The Hero of Color City


By: Addison Wylie

Sometimes, films directed at children – very, very young children – can be recommended based on how bright the visuals are.  If the entertainment isn’t stimulating through its story, the film will at least stimulate the senses through its colour palette.

That’s sort of the case with The Hero of Color City, a mediocre kids film with not a whole lot to offer.  Frank Gladstone’s kiddie film is possibly the most literal case of this type of recommendation.  The colours don’t just fill the background.  They’re actual characters!

A box of crayons come to life every night their owner Ben goes to bed.  Brown sounds off a role call, and all the different colours fall in to line including Blue (voiced by Wayne Brady), Red (voiced by Rosie Perez), and an assortment of other shades.  They all have one-note personalities that match their visible colour.  For instance, Black is a dark downer, and Yellow is afraid of everything.

I won’t tell you what Refried Bean does, or maybe I will.  A note to screenwriters Jess Kedward, J.P. McCormick, Kristy Peart, and Rich Raczelowski: Does a colour like Refried Bean exist in real life?  Or, has it been invented for you guys to break up the pacing by cutting the cheese?

Anyway, every night, they all hop into their crayon box and are whisked away to Color City.  Color City is a small community that allows the crayons to unwind after being used by Ben all day.  There’s a spa, a town square, a dock and a beach, and even a clock tower that’s referred to as – yup – Big Ben.

Color City is made up of round shapes lacking detail or definition.  It’s a constant reminder of how low-rent the animation is.  The Hero of Color City has the appearance of a grade school project that hasn’t been completed and is stuck as a “Rapid Prototype”, a phase animators refer to when shaping their character designs early in their production.  After looking at what Frank Gladstone allows in the final cut of his film, I’ve seen more creativity in homemade Minecraft creations.  Hire those kids to work on the sequel, Frank.

The animation may have been an afterthought (it’s possible the film was working with a small budget), but the visuals still need to show competence and flair.  Especially in a movie where imagination and vivid hues are the main focus.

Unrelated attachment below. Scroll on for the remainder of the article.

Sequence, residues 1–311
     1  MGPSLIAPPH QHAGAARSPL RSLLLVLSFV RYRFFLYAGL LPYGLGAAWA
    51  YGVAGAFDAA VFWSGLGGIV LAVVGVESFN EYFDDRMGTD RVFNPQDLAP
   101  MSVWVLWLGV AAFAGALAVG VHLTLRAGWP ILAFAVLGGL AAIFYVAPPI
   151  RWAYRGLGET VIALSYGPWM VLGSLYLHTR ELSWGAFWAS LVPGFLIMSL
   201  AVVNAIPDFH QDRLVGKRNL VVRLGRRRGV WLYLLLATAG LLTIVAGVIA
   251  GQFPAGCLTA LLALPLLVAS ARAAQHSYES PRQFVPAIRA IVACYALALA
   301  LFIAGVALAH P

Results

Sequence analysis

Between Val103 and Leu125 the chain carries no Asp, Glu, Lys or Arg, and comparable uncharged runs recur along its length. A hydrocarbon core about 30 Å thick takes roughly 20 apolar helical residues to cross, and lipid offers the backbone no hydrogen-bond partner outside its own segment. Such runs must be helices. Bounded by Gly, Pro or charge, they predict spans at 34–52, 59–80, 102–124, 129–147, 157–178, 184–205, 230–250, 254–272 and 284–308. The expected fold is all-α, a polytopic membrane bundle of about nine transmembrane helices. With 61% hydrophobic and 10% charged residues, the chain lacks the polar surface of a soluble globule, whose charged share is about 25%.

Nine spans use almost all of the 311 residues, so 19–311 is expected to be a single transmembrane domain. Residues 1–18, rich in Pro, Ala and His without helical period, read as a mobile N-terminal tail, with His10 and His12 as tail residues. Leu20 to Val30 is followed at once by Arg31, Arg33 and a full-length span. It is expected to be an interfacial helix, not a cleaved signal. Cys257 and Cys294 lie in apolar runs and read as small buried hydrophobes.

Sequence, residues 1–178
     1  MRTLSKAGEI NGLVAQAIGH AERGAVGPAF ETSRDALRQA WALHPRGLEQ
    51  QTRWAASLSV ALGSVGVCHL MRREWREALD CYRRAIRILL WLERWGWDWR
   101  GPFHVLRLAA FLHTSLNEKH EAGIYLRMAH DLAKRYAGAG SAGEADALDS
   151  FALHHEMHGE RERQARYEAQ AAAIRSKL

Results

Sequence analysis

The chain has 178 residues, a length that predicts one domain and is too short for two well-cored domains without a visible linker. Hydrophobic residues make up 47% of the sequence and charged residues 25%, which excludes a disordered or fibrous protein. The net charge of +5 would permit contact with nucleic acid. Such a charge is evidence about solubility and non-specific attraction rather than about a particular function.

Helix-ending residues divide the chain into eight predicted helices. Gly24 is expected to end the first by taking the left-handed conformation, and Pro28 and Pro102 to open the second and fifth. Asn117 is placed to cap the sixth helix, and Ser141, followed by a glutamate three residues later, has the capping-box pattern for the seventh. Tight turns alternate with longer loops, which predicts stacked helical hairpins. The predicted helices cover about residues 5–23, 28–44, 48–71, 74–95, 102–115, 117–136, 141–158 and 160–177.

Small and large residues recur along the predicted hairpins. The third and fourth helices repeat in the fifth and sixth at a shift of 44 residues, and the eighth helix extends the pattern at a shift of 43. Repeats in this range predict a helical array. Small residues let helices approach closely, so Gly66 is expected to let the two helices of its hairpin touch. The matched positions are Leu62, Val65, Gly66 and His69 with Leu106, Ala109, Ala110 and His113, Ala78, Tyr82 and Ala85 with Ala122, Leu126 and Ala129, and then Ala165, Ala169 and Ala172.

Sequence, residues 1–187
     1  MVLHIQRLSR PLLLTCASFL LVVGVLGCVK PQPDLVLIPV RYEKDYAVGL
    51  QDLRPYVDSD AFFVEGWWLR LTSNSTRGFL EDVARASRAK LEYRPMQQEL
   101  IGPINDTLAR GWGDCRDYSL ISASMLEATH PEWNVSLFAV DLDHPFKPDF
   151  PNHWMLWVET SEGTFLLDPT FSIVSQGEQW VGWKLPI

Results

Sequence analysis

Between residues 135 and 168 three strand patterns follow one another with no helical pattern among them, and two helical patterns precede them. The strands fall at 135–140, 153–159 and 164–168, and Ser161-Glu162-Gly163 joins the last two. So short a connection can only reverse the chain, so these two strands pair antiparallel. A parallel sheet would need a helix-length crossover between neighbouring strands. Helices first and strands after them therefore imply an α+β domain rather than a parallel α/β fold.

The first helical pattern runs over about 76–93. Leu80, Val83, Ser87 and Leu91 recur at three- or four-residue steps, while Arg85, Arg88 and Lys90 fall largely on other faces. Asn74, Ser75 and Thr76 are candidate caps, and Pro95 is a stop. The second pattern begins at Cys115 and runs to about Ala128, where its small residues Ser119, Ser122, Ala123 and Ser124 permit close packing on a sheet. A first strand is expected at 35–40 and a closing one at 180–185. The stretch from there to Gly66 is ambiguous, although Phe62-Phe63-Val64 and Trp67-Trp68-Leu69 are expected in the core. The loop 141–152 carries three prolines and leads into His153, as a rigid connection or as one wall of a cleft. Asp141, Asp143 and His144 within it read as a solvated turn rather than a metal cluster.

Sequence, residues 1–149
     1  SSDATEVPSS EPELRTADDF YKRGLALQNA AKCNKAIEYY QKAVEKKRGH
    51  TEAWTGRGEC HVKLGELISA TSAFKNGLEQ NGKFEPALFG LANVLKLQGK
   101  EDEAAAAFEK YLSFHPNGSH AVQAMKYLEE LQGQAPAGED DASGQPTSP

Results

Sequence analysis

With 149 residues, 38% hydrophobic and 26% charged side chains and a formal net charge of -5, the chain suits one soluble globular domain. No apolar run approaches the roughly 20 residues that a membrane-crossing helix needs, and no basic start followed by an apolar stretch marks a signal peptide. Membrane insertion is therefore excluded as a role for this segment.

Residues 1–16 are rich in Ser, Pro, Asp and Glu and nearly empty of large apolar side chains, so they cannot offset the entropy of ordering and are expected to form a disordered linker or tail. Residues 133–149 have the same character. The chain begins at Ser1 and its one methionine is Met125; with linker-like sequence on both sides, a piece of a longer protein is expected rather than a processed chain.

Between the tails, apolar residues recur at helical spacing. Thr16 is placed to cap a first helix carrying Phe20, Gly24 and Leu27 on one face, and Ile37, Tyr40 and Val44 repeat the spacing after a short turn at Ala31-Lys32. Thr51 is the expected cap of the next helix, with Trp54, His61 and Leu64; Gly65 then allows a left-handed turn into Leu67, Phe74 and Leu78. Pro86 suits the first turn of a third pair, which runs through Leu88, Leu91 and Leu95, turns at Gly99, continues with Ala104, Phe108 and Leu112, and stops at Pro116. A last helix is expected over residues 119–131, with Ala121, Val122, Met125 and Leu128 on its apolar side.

More bad news: the screenwriting team have decided to redirect all of the attention on Yellow (voiced by Christina Ricci).  The problem with that is a scaredy cat is only tolerable in small doses.  Ricci, who’s usually adorable but in dire need of a breakout, is so shrill as Yellow.  The character is frightened by everything, and it’s tiresome to see and hear that happening throughout the flick.  Her cute, happy song she sings on her bike is a highlight because it features Yellow doing something other than being timid.

The movie should’ve been circulated around White (voiced by Jeremy Guskin).  He’s a crayon who hardly gets used, and is wanting to have equal opportunities.  He gets excited when he’s chosen to colour in clouds.  When he embarks on a quest to free Color City’s vibrant waterfall with his friends, his go-getter attitude would be more watchable than Yellow’s journey to overcome endless fears.

Will those kids – those very, very young kids – be engaged by this lightweight fare?  Barely.  The ones who came for bright colours will be distracted away from the boring story, and the ones who came for anything else may wonder why they even bothered watching The Hero of Color City in the first place.  The bottom line is there are lots of kid-friendly, entertaining movies out there with originality and energy behind them.  The Hero of Color City is not one of them.

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